-a number and his number seven-
*by someone fighting himself
for the freedom to find her*
(frankie leone, just a man)
*our cigarettes burn but hope’s been in the butt can awhile. fear and distrust smolder even through torrential rain. no matter what burns and what doesn’t this place is dark on sunny days.
we don’t smoke here because it’s an option. we smoke because there isn’t another. we all have full packs of the same cheap brand of resignation.
the little clarity i’ll gain later will reveal i smoked it long before getting here. memories of this harsh brand will keep me coughing through too many brooklyn nights.
my green eyes take in too-familiar concrete, asphalt, and dirt. breathing deeply i inhale razor wire and chain-link through the marlboro in my long fingers.
i exhale the scent of a petrifying heart.
i stare at him with squelched curiosity and ingrained intensity. my cigarette’s taken in more dramatically, desperately. ineffective forgetfulness curls slowly from my nostrils.
i ask grayness loitering in still air, “why does that dude always hang by himself?”
“slow your roll playboy. i know you ain’t trying to parle with father time. you straight wildin’,” a fellow number with a face answers.
wiping droplets of sweat off my cheek i heel out my cigarette in the dirt and get up. i start walking to approach a man i’ll see later as a brother.
this man walks alone but is spared by jackals. he isn’t spared because of his clear ability to fight. he isn’t spared because he’s kin.
he’s spared because he’s locked in a scrap. he’s thrown down on himself believing he’s kin to none.
any jackal who’s seen enough knows a few important things. one of them is that if you don’t want to risk joining the loser don’t approach a man handling beef.*
*as i ease onto the ground next to him, against an unremarkable concrete wall, he chooses not to make eye contact.
i speak, “my man, can i get one of your newports? on my mother i’ll pay you back when i get my commissary.”
not changing his expression he stares straight into something, somewhere, or someone i can’t see. i’ve seen enough to know it’s there. i almost want to see it too.
he speaks in a calm tone, “didn’t the other young bucks school you to ease up off me baby boy? didn’t they drop on ya that i’ll make you smile with your neck like i was brushing my damn teeth?”
i should be afraid. this day i’m not.
i answer, “nah. they said you’re a prince. a regular mother hen around here.”
a smile disrupts his features. his teeth are rotted in a way i’ve never seen; mostly there but eroded to less than a quarter their original girth. rotten sawed-off toothpicks fill his mouth.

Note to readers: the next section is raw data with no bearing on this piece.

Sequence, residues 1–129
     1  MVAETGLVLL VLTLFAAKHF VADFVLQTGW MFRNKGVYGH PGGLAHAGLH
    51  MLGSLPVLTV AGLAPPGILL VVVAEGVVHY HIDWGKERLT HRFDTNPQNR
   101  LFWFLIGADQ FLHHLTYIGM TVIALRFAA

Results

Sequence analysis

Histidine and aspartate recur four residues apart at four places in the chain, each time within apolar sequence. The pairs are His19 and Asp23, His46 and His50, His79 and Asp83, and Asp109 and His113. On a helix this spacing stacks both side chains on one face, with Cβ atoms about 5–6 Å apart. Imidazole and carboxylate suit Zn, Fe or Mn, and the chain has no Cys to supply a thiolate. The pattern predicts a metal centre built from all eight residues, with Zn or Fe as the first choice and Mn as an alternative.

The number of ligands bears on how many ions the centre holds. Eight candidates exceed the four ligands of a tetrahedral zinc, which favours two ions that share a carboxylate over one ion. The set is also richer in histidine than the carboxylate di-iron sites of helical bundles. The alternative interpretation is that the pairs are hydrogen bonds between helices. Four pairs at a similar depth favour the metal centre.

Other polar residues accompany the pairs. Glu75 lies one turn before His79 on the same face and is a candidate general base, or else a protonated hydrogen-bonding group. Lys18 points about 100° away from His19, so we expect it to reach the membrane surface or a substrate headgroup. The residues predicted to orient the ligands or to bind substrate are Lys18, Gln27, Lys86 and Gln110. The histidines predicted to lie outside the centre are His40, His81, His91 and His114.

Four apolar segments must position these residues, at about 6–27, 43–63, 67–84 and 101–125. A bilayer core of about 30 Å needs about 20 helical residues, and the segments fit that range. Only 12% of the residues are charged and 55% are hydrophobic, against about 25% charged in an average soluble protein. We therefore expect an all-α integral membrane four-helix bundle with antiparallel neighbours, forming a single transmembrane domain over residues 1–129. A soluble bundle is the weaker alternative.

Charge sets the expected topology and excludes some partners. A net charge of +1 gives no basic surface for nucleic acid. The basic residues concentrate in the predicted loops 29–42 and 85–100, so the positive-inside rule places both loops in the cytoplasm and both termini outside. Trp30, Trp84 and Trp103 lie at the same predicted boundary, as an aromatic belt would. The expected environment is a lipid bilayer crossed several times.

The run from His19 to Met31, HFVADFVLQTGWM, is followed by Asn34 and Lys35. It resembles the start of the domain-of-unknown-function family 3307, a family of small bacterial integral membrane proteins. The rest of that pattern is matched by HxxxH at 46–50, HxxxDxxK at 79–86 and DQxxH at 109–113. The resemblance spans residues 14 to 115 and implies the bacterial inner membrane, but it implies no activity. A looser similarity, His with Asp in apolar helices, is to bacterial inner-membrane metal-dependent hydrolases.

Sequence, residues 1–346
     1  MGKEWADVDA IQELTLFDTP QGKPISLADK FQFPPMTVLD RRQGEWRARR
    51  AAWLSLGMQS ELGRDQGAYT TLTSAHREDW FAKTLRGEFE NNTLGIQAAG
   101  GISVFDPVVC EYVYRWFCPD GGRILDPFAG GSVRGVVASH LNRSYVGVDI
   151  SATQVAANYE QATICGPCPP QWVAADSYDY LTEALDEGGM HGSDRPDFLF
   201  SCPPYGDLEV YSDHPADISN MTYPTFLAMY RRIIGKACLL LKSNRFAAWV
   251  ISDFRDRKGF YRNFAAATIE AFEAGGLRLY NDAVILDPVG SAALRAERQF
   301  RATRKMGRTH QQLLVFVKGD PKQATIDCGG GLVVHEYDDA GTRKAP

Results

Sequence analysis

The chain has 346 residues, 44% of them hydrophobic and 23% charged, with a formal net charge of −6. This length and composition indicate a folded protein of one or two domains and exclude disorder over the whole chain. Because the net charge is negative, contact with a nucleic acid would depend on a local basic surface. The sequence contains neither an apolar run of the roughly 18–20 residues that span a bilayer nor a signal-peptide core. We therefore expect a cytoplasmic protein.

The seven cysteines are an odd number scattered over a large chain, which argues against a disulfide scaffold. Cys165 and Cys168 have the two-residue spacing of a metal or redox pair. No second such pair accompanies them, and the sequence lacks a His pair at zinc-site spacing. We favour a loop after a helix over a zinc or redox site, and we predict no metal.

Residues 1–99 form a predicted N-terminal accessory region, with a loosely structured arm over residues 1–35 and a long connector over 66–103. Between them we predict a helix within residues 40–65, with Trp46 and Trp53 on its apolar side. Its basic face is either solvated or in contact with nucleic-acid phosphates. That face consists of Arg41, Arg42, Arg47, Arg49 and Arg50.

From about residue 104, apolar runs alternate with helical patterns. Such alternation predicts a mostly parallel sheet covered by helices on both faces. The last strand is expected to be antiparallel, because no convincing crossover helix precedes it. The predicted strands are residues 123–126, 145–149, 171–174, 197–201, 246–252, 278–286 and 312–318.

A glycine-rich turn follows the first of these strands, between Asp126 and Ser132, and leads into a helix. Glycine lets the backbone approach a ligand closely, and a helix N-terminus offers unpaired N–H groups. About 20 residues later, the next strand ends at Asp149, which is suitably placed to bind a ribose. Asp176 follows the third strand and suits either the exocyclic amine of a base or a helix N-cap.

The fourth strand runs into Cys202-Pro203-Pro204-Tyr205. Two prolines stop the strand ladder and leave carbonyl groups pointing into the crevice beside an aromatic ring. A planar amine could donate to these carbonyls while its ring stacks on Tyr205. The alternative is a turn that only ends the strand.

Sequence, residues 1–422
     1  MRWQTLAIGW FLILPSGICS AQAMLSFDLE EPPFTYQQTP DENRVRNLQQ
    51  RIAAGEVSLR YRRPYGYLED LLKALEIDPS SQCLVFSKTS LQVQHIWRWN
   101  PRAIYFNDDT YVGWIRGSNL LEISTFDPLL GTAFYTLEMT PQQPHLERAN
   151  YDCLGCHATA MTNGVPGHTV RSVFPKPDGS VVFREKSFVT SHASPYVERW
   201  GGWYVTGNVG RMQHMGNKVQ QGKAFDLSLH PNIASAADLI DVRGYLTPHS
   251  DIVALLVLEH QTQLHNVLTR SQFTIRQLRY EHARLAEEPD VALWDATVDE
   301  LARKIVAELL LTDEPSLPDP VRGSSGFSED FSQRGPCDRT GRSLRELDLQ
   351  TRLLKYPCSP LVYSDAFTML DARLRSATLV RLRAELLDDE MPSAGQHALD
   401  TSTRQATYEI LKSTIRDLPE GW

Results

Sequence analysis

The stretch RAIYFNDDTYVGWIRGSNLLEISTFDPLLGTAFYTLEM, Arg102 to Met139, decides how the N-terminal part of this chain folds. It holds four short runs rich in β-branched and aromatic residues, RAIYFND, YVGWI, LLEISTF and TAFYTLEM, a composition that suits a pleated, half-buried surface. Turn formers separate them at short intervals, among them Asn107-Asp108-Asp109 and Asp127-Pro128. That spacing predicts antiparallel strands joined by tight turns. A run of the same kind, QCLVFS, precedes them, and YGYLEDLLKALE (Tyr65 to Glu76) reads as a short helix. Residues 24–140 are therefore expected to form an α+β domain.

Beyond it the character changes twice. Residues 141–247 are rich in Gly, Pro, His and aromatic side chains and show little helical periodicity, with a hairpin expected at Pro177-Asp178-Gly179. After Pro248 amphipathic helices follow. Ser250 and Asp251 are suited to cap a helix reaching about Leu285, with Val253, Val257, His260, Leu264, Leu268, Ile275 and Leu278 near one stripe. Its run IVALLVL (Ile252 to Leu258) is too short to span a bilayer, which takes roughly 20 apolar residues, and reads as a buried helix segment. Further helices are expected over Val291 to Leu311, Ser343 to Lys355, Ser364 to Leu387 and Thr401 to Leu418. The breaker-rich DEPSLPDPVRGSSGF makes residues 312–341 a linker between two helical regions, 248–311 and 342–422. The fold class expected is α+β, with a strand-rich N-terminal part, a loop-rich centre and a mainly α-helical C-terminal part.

“you’s some kind of joker ain’t you little homie? even you gots to know it ain’t never christmas round here. i’m gone bless you. never again though. you heard?”
he even lights it for me.
while he strikes the match i see numbers one through seven tattooed on seven dark knuckles. all of them were done with a machine except one. number seven’s homemade. done here. on the back of his hand is a name in stylized cursive.
a woman’s name.
“what’re the numbers for?”
“you writing some kinda book?”
there’s silence. a long silence, before he speaks again.
“to let the devil know how many times to whoop my ass after the reaper hollers last call.”
he doesn’t need to explain. i understand. those numbers are men.
men not with us anymore.
“why’s seven a stick and poke?”
he surprises me by answering, and answering more quickly, “you seen’t any tattoo spots round here?”
i hesitate then continue, “but the captain said nobody’s dropped a body in the twenty years he’s run shit.”
“ain’t no guy. she was a woman. she was my woman. dead last year. i done kill’t her. shut the fuck up and puff your port. you getting on my last nerve white boy. i fucked with you too much already.”
i can’t say why i keep talking. it’s not because i don’t know better. i do. these moments help keep my fear forgotten.
“you’re doing twenty-five with no wake up. you’ve been here way more than a couple years.”
he looks at me.
no. he looks into me. he speaks into me. there’s no anger, hate, love, or hope in the tone of his voice.
“i’m gone spit some shit. best listen. i ain’t said this much in a good minute. you pop off shit after you in the morgue. feel me?
“i snatched my boo’s life.”
he points to the number seven and proceeds.
“she was finer than foxy brown until she weren’t no more. whole time ’til then she waited on my black ass.
“there’s plenty ways a nigga can murc a bitch. the way i deaded this one’s colder than a blade, burner, or louisville. i been contemplating how i done it. i ain’t mack diesel. i ain’t the first to kill a bitch behind a wall.
“mad niggas kill bitches on the street the same way. they even be sexing they shorty on the regular.
“ain’t no thing to the bitch though. she still waiting for the nigga in her to come home.
“just like she done.”
he points to the number seven and pauses again.
“we done white boy. dip and stay gone. keep them eyes off my face too.”
he stops for a few seconds before resuming. his voice never raises.
“don’t trip about the smoke. you gone get me back now.”
he kisses the number seven and presses it against my temple to collect.
a loosie can cost a half-hour of consciousness.*
(out of my norm- significant details modified.)